After graduating from The Victorian College of the Arts with a Bachelor of Creative Arts, Mel was resident costume designer at the Ballarat Arts Academy (now Federation Uni) from 2008 to 2013.  Mel designs and makes costumes for both theatre and film and has worked with many leading arts organsations including Bell Shakespeare, Legs on the Wall, BighART, Malthouse Theatre, Australian Ballet and Victorian Opera.  

Mel recently received a Sydney Theatre Award nomination for her costume design for Sport for Jove’s Love’s Labour’s Lost (see picture below).

When discussing Mel's process and approach to designing costumes for opera, here's what we discovered.

Have you ever costumed an opera before?  If so, which operas?

This will be the first time I have designed for opera. I have spent many years making costumes for Melbourne Opera, Victorian Opera and more recently Sydney Chamber Opera with Notes from Underground.

Have you listened to, or experienced much opera?

I come from a musical family so I was introduced to opera very young. I have been lucky to have seen many operas in Sydney and Melbourne and also in Munich where my family is from.  Whether it is a lavish, traditionally presented Verdi or Mozart, stark modern interpretations or Monteverdi presented with puppets and singers, the opera has always been a part of my cultural diet.  I find the combination of music and theatre intoxicating.

What was your inspiration for the costume design?

The inspiration came from needing to tell a story.  In our case the story that weaves the three operas together and allows the audience to experience them as a whole journey.  We have set the evening in an art gallery and given the performers archetypes or characteristics that fit within that world. The aesthetics of the operas can therefore spring directly from works of art. The classic masterpieces depicting Bacchus and ancient greek revelry for Anacreon or the intricate decorative opulence of baroque paintings of pairs of lovers for Pigmalion for example.

What’s the design process?

The design process has been very collaborative.  Alicia (set designer) and I have been talking with Crystal over Skype for months deciding the best way to present these three pieces.  It was decided very early that it was important the operas sat within a bigger picture, allowing them to become greater than a sum of their parts. We have created a whole world that the performers inhabit but there are restrictions in this also. It needs to be completely feasible that our characters slip from one opera to the next. Our job is to give them the tools to do so.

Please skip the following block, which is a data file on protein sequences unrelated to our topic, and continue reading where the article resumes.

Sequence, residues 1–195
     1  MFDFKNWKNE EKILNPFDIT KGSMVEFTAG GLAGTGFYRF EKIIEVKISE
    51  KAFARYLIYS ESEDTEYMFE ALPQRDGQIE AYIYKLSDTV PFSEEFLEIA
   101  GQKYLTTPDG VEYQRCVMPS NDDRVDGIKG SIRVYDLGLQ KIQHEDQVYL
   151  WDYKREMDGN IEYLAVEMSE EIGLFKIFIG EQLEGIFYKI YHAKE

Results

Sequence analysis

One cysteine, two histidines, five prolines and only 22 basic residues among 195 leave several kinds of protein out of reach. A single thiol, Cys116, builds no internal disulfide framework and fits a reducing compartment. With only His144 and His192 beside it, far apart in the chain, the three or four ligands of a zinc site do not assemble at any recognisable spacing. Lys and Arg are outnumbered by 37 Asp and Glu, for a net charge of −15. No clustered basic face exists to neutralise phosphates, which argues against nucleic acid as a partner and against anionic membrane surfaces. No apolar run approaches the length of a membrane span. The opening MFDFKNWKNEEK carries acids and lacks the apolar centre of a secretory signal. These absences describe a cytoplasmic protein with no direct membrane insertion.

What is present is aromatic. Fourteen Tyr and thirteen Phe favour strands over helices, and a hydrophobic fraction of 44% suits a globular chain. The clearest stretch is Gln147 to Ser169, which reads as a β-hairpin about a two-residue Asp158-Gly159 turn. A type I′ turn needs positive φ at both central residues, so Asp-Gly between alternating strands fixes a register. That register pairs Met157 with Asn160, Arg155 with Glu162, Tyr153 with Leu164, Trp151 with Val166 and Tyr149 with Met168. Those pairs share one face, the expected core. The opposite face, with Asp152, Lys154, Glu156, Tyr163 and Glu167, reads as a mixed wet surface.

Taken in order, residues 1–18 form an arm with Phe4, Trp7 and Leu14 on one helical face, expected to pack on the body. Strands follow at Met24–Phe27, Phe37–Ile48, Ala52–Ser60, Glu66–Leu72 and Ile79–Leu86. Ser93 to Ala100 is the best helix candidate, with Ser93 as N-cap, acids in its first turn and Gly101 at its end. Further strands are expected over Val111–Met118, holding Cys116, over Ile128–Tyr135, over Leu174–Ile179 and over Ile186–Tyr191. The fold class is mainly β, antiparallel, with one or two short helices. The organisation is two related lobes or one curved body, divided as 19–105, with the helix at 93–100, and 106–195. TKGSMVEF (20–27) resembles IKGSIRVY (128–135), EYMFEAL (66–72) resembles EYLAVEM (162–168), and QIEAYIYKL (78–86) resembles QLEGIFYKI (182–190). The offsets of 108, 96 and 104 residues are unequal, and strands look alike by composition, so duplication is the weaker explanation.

Are there any practical considerations when working with singers?

All performers have their own specific needs and this - and the needs of the production - are taken into consideration at every step.  Whether it is as simple as a mask that might cover too much of the face and muffle sound or a costume that restricts movement in a particular way, all choices have to serve both the production and the performer. I feel that opera is becoming increasingly theatrical and more is being expected of the performers in terms of interesting or different presentation styles and movement. I have found that good communication is vital in the early stages of the production and most performers are willing to try anything!

Are you busier than usual with three operas to costume?

Yes! Because we are creating a whole world, we need to create a base character costume that rings true to this world but also all the elements that the performers add to create the characters for each of the three operas. It is an ensemble piece where all the performers and the chorus create the shifts between the scenes and the operas onstage in full view of the audience. The magic is seeing the magic be created.

Are there any common elements between the costumes / characters played by various singers?

I have given a distinctive pallet to each of the operas that help define the characters that the performers inhabit for each opera. This helps us create the mood of each opera but also makes it easy for the audience to see the different characters even if they are being performed by the same singer.

To read more about Mel and her work, visit

Mel's work in  Sport for Jove's   Love's Labour's Lost  which earned her a Sydney Theatre Award nomination. Pic:  Marnya Rothe

Mel's work in Sport for Jove's Love's Labour's Lost which earned her a Sydney Theatre Award nomination. Pic:  Marnya Rothe

Thoughts on Becoming Our Life Patron with Liz Nielsen

Liz with Marie Bashir and David Walker (countertenor).

Liz Nielsen is now Pinchgut Opera’s Life Patron, we’re delighted that she’s still part of the family, cheering us on in this capacity. Below she shares some reminiscences with us...